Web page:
This shouldn’t be too difficult, as Pheto has effortlessly maintained a sophisticated good-girl image all her life. She hasn’t let the fame get to her head in the way it does with other young stars suddenly plunged into the limelight.

“When I go home I still sweep the house and wash the dishes. My family are proud of me, but they keep me grounded,” she says.

Being worth it

Pheto joins names like Beyonce Knowles, Jennifer Aniston, Penelope Cruz and Andie McDowell saying the L’Oreal slogan, “Because I’m worth it” – a slogan coined in 1973.

“Terry Pheto undoubtedly embodies the L’Oreal Paris brand philosophy of beauty, glamour, innovation and technology, and we are delighted to have her on board representing our products to the younger market,” says Han Lorskens, general manager for L’Oreal Paris Consumer Division.

“She will be an inspiration to all young people wanting to achieve their goals and we look forward to a successful relationship in the future.”

Billion-dollar beauty

According to a survey by global industry and market analysts Euromonitor International, the worldwide beauty industry is worth about US$265-billion (R1 986-billion) a year, and has been growing exponentially for over a decade. It has been identified as one of the few luxury consumer industries in the world that buyers continue to spend their money on regardless of the economic environment. The largest numbers of consumers come from the US, who bite off a whopping 67% or $177-billion (R1 327-billion) of the pie.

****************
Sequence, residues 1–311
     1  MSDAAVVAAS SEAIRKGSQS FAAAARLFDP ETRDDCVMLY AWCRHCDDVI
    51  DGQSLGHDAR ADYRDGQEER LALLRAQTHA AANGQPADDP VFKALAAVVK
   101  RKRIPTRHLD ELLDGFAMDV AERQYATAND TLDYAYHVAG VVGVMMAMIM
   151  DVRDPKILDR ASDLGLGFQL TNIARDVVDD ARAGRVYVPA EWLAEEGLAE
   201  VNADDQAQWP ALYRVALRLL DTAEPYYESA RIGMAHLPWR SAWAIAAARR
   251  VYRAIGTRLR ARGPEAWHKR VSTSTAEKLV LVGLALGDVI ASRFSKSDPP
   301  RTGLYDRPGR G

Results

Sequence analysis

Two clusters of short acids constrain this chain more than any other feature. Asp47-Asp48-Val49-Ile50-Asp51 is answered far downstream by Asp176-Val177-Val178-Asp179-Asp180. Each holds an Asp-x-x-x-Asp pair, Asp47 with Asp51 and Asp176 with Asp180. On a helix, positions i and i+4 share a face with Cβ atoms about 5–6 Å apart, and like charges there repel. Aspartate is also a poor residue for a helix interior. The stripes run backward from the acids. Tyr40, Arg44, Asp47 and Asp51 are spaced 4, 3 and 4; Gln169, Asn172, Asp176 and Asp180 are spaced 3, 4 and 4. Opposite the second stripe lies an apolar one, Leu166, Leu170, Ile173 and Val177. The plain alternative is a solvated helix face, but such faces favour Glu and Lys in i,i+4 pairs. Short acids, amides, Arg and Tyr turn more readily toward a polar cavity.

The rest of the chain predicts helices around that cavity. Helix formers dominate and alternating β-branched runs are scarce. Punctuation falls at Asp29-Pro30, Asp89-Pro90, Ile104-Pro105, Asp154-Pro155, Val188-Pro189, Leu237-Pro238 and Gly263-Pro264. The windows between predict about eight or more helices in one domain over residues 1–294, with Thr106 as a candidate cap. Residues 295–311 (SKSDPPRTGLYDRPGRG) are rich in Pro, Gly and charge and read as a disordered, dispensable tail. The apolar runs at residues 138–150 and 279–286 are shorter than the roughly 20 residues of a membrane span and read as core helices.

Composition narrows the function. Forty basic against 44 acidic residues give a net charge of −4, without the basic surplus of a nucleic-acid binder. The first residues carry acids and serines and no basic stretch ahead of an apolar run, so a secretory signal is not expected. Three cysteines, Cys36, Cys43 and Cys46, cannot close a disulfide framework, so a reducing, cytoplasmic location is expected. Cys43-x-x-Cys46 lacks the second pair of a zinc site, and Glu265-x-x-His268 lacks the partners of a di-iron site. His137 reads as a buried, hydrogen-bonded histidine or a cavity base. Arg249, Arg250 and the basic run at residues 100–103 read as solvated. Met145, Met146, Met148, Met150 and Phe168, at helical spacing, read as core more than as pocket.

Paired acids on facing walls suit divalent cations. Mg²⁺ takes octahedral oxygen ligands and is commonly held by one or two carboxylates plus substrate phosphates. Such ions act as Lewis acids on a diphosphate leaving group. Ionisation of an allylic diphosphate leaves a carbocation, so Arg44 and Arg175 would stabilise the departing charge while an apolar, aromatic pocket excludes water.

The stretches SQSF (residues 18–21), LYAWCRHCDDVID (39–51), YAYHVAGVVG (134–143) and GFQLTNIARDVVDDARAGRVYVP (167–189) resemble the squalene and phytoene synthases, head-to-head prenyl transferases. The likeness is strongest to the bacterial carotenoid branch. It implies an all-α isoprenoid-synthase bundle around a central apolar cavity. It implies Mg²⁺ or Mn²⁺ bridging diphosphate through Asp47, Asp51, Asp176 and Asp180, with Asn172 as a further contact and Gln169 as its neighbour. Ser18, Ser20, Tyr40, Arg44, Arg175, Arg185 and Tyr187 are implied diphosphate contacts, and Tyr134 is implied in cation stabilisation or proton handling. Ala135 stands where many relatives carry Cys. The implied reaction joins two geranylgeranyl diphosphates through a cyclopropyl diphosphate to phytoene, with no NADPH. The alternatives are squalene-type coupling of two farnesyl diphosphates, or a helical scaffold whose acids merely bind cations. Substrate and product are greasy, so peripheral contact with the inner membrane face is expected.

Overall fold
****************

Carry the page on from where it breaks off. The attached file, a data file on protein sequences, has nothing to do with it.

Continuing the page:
As the pressure to maintain a youthful appearance prevails, health, beauty and fitness manufacturers will be driven to meet the needs of consumers which in turn will see the beauty industry grow even further. Euromonitor International predicts that this growth will become increasingly apparent in developing markets such as China and India, as consumers become more affluent and can spend more money on self-improvement.

According to the survey, the South African cosmetic and toiletries industry grew by some 45% in the last two years. Currently it has an estimated value of over $3.4-billion (R25.5-billion) and it is predicted to grow by 15% to 20% in the coming year.

Locally there continues to be a growing interest in international brands, but imported products remain unaffordable for most South Africans. There is therefore a demand among lower income groups for cost-effective but quality products. The industry is set to continue to grow for the coming five years, with the hair colour and maintenance, hair colour and maintenance for hair pieces, anti-aging, ethnic skin care ranges and spa products in particular showing the greatest potential.

South Africa has more than 140 health spas offering half-day, full-day and evening packages to middle- and high-income consumers. According to research by Intelligent Spas, some 1.1-million people visited local spas in 2007, with the industry expected to grow by 8% between 2008 and 2010.